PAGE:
A standing ovation and waiata have marked outgoing cabinet minister Kris Faafoi's final speech in Parliament. Peppered with the occasional expletive, his valedictory focused on the Parliamentary family he is leaving, and the whānau he hopes to spend more time with.
First elected to the opposition benches as MP for Mana in 2010, Faafoi began by harking back to his first campaign when "some clever bastard" asked candidates how much time they had invested into the local community.
"I fluffed through an answer that would have the current Kris Faafoi with his face in his hands," he said.
Faafoi grew visibly emotional while thanking his boss, Prime Minister Jacinda Ardern, and belatedly lived up to a promise from 2005 of donating $500 to her campaign if she would dance on stage at the Pasifika festival.
"I thought about adjusting for inflation, but ..."
He has held eight ministerial portfolios including some of the biggest ministries like Justice and Immigration. He said he would not wish the experience of being immigration minister during the past two years of COVID-19 on anyone.
He also picked up the Broadcasting baton after the removal of Clare Curran, and said opponents of public media on the left and right of politics needed to "get on board".
A new organisation combining RNZ and TVNZ is set to be established next year, under legislation being introduced to Parliament next week.
He recalled his introduction Parliament while working as a journalist "running errands for Duncan Garner and Mark Sainsbury", and his early days in politics working for Phil Goff.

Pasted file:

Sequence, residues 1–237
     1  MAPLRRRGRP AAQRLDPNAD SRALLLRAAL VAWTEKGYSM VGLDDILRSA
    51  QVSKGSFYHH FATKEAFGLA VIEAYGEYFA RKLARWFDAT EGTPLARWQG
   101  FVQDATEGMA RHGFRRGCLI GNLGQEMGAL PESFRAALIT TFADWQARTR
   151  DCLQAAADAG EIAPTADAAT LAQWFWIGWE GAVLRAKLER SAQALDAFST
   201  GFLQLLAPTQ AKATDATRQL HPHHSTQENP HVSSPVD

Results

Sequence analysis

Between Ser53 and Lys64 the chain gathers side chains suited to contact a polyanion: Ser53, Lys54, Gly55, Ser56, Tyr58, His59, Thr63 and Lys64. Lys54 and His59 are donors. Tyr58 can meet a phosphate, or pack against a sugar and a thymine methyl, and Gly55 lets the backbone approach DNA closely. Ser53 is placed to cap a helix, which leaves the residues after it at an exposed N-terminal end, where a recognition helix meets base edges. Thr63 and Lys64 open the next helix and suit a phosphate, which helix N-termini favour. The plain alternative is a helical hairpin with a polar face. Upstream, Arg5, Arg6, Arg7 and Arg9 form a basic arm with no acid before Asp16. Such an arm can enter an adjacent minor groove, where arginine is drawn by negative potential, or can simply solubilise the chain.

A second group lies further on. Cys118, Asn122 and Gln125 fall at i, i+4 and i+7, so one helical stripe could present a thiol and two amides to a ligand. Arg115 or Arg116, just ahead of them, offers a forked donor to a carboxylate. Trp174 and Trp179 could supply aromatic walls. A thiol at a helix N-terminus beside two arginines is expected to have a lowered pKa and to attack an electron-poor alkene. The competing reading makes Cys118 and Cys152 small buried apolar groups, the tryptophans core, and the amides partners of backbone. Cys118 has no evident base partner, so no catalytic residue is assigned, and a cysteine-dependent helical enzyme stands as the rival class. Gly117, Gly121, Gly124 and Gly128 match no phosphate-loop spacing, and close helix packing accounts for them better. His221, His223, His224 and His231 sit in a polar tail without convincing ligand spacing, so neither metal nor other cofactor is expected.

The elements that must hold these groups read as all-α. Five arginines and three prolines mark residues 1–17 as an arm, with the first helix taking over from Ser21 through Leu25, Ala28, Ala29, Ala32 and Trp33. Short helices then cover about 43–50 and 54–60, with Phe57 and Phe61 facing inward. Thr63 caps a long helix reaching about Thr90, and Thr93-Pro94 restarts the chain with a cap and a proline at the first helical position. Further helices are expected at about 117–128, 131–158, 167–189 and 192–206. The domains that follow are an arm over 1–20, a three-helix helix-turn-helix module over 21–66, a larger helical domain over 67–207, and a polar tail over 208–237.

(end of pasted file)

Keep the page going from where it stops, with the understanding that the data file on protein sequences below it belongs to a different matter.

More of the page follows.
His first thanks to parliamentary colleagues went to former MP Clayton Cosgrove, "as loyal as the day is long", then on to Minister of Finance Grant Robertson, saying he struggled to put into words appreciation for his wisdom, compassion, intelligence, and judgement.
"I will miss having you in my life on a regular basis. You are our Cullen."
He credited fellow MP Megan Woods with keeping him sane and grounded while jibing him about being a Pacific Islander with seafood allergies, and paid tribute to former Labour MP Annette King.
"In opposition, there was no better camp mother."
His own mother was a regular viewer of Parliament's debates, he said, often asking where he was when not present in the chamber and "what did you say" when chastised by the Speaker. His father died in 2013.
"We miss him every day. It would have been great to lean on him for advice, especially in the last five years."
Family is the main reason he has offered for leaving Parliament, and he closed with a message to his children and his partner.
"This year we were meant to get married, COVID got in the way. I'll be home more now, and I'm worried I'll change your mind. If you marry me, I promise I will stop calling our joint account 'the flat account'."
Faafoi had planned to leave Parliament after the 2020 election, but Ardern persuaded him to remain to oversee his projects in immigration and broadcasting.
Announcing his departure last week, she said she was grateful for the work he had done, and would be greatly missed.
He is a list MP, so his departure will not trigger a by-election.